353 West 14th Street
Not many comedians start out as military men, but that’s the path Rob Riggle took on his way to becoming a comic performer and actor.
Probably best-known as a correspondent on The Daily Show for more than two years (he left late last year), Riggle served in the Marines, including stints in Kosovo and Afghanistan. He’s currently a Lieutenant Colonel in the Marine Corps Reserve.
In addition to The Daily Show, Riggle was in the cast of Saturday Night Live during the 2004-5 season, and has appeared in such movies as The Hangover and Step Brothers.
Riggle spoke recently about his careers in the military and as a comedian.
Kevin Filipski: How did being in the Marines prepare you for life as a comedian?
Rob Riggle: It probably gave me a thick skin because you need that if you’re in show business in any way, shape or form. You get told “no” a lot in show business. So the Marines taught me how to keep going, no matter what.
KF: Did the military brass have any problems with you becoming a comic while still in the Marines?
RR: No, there was nothing like that. When I was started my comedy career, I was still on active duty and I was here in New York. I had a seven in the morning until a five in the evening job, so I had evenings and weekends to myself. So, every night and on the weekend, I was taking classes, rehearsing, writing, being a tech for other people’s shows, anything to do with the comedy scene in the city.
KF: What was the response from your bosses and the other Marines you worked with to your career in comedy?
RR: For a very long time, nobody knew about it and, quite frankly, the Marines didn’t care. They’ve got a full plate of their own, with more important things to worry about, so they really don’t get involved with what I do with my free time. Recently, however, a lot of Marines have been reaching out to me, which I find gratifying.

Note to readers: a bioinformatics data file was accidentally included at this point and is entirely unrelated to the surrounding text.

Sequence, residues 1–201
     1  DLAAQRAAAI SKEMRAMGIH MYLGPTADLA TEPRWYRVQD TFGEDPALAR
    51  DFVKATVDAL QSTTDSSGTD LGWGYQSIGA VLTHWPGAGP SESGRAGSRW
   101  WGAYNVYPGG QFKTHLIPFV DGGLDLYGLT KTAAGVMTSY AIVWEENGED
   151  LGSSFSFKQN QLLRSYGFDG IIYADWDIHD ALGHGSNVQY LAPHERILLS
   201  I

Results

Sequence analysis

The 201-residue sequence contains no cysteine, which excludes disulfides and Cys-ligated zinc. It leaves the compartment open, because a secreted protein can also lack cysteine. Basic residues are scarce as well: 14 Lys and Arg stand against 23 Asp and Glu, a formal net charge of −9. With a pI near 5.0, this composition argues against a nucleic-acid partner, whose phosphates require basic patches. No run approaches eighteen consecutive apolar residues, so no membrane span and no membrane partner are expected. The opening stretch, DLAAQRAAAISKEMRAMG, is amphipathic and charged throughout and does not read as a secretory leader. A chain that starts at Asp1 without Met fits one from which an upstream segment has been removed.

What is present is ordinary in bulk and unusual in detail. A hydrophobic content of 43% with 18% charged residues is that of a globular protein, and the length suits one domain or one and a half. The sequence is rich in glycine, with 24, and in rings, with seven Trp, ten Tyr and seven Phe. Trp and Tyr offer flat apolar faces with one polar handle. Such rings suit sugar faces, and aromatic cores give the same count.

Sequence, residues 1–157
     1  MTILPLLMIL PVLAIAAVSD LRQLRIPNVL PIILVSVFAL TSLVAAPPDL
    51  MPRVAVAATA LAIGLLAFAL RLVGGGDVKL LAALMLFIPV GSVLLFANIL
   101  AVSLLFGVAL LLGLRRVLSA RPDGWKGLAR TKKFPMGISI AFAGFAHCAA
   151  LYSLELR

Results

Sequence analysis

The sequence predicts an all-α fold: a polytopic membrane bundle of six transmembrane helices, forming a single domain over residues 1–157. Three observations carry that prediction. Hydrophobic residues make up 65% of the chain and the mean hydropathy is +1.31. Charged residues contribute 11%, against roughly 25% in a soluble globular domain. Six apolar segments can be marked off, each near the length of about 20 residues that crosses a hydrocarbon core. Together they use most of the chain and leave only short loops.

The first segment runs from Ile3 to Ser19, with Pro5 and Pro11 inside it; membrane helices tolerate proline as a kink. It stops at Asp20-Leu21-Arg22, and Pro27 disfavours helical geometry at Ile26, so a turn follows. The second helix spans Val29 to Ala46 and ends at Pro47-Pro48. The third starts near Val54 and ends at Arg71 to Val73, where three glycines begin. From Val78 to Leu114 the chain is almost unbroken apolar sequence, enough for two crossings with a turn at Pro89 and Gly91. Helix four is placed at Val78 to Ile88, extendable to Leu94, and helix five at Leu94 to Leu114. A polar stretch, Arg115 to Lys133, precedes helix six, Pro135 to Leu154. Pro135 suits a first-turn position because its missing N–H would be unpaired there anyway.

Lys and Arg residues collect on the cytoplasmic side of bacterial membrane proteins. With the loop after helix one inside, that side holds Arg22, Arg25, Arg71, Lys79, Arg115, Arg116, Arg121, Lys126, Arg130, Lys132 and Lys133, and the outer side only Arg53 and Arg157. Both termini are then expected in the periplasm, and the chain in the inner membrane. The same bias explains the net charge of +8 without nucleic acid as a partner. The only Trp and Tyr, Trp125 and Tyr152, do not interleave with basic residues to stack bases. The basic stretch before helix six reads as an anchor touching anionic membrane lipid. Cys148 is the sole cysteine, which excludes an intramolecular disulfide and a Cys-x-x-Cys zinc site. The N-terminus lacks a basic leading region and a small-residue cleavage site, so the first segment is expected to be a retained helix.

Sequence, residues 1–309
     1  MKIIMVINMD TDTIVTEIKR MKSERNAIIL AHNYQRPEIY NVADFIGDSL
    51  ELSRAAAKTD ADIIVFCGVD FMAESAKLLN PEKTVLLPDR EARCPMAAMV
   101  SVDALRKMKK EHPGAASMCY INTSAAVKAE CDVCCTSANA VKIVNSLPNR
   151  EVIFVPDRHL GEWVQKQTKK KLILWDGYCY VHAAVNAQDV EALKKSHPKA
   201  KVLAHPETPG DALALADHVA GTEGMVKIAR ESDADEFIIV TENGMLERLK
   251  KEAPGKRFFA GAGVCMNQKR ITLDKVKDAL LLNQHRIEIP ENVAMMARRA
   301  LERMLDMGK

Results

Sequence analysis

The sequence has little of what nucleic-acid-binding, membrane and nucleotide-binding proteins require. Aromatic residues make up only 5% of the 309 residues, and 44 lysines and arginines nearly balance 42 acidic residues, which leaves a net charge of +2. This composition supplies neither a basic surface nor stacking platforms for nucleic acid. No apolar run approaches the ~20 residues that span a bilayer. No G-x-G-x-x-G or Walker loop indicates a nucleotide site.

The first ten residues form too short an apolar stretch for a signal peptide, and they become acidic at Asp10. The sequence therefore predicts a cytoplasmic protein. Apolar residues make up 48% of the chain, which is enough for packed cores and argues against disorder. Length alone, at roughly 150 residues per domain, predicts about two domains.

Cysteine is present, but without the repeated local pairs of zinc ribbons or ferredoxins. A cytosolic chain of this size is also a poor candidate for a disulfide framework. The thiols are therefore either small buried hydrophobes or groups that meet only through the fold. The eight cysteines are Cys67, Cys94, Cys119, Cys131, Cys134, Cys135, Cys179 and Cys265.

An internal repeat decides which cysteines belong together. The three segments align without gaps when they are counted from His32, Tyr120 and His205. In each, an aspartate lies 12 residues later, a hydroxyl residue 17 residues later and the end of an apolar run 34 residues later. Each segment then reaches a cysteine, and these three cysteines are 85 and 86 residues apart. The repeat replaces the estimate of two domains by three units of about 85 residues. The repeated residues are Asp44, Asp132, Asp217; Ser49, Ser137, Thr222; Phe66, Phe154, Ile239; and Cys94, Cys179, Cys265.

KF: As a correspondent on The Daily Show, were you involved in the creation of segments and discussions with Jon Stewart, or was that strictly done by the writers?
RR: Absolutely—as a correspondent, I was definitely in on the writing process. When I was out in the field doing a report, a lot of that falls on me, since it was just me, the field producer and a cameraman. It’s whatever we could come up with. In the studio, that’s all the writers’ doing, but I got to stay and help and work out the verbiage between us so it sounds more natural.
KF: Aside from these upcoming shows at Comix, what else are you working on now?
RR: I’m developing a show with CBS, and I just shot a Comedy Central standup special a couple of weeks ago, which was a real blast to do. And right now, I’m making a movie in New York called The Other Guys with Will Farrell and Marc Walberg, which should be a fun movie. I’ve been working on that since late September, which is why I’m doing these shows at Comix, since I’m in town anyway. Comix is a wonderful club to perform at: I’ve been to a lot of clubs around the country, and it’s one of the best.
KF: How did your comic persona evolve, and who are your influences?
RR: I’m more of a storyteller in my comedy. I’m not a traditional “three jokes per minute with a punch line“ kind of comedian. Eddie Murphy was my idol, after I saw his concert movie Delirious. That was one of the first comic things I’d seen like that, and I thought it was amazing. I’m a fan of all kinds of comedians: after Eddie, there’s also Denis Leary and Bill Murray. It’s also a genre thing too, because I love the comedic acting which they all did as well as the stand-up.
originally posted on timessquare.com